2. Living by the means of man helping man, and realizing time on earth is not a practice run, creates an urgency of life that requires fulfilling.
The first thing that occurs to me, in reading this, is to wonder if Smalley realizes that this doesn’t remotely make atheism true. I don’t think he’d really argue that something is true just because it makes us feel a sense of urgency. But, if not, why does he list it as a reason to be an atheist?
Perhaps he simply means that it is something that makes him feel better about being an atheist. If so, he’s allowed it, but I don’t see why anyone should be persuaded by this.
But, moving on to my second point: It’s simply not true that only atheists have a sense of urgency about life, or can help one another. I occasionally run into materialists who seem to think that theists have no sense that their life is meaningful, and I always find it astonishing.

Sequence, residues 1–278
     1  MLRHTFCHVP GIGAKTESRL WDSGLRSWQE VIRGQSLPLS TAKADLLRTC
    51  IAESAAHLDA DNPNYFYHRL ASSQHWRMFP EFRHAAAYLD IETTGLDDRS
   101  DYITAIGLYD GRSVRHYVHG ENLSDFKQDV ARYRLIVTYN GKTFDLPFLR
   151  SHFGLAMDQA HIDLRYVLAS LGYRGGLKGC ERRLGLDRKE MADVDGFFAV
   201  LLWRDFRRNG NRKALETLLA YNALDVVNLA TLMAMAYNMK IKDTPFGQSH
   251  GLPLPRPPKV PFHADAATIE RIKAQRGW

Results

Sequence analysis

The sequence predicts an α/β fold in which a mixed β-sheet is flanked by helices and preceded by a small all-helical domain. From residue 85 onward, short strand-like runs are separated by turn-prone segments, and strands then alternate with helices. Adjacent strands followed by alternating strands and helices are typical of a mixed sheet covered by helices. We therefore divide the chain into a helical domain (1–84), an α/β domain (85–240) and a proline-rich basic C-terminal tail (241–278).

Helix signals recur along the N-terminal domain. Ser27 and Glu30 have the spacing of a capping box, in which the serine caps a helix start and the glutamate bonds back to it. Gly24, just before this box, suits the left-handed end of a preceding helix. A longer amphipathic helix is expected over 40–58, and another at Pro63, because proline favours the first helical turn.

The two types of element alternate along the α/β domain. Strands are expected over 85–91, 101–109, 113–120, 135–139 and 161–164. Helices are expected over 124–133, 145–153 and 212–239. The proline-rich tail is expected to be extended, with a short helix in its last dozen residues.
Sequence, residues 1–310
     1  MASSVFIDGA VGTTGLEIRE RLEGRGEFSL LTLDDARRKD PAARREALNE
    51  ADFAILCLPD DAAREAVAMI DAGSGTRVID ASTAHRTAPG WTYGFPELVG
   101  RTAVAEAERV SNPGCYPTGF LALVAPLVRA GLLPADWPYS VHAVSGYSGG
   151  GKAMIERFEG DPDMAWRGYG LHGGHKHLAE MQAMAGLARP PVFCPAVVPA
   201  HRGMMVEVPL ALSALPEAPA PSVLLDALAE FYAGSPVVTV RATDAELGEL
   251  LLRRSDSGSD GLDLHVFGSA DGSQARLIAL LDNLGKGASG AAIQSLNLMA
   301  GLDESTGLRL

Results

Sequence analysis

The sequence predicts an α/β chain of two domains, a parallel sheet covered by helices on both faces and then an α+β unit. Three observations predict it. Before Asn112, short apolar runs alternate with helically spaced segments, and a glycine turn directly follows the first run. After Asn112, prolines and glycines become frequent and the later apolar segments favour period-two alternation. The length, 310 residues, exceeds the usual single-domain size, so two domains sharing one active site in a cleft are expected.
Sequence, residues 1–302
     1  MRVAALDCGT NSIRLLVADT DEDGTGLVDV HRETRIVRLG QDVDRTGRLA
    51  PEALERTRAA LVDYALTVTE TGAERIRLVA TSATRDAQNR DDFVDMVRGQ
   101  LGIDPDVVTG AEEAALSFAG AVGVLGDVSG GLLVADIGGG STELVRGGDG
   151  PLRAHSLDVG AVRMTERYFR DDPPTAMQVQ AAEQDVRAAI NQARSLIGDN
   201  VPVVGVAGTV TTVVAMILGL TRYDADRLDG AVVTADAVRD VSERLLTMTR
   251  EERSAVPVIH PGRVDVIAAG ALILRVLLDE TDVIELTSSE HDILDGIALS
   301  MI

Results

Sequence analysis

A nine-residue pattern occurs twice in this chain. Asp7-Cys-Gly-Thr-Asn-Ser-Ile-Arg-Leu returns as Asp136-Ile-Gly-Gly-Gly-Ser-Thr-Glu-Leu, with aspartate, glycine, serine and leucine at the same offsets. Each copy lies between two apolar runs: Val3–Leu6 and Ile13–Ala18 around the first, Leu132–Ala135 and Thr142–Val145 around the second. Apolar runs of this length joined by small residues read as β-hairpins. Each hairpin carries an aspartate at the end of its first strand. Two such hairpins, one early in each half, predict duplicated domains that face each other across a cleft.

Truly, we all see life as precious. But I think the atheist has a bigger problem here.
Smalley can love life, of course, and feel urgent about it. What he can’t rationally do, however, is believe that there will be any lasting difference to come out of his life. Deep fulfillment means creating things that matter in the end, and atheism denies the very possibility of this. And even temporary meaning, on an atheistic view, is purely subjective in any case.
Really, all Smalley has done is point out that atheism creates a need for fulfillment (“requires fulfilling”), not that it offers any such thing.
So as to make it clear that I’m not diving into the same fallacy mentioned above, let me state directly that this doesn’t prove that theism is true. What it proves is that, if theism were true, life would meaningful (for theists and atheists alike) and meaningless if theism were false.
Of course, this would mean that anyone who believes that life is meaningful would need to be a theist in order to be rational, but I’ll leave each to decide whether he or she thinks life has meaning for his or her self.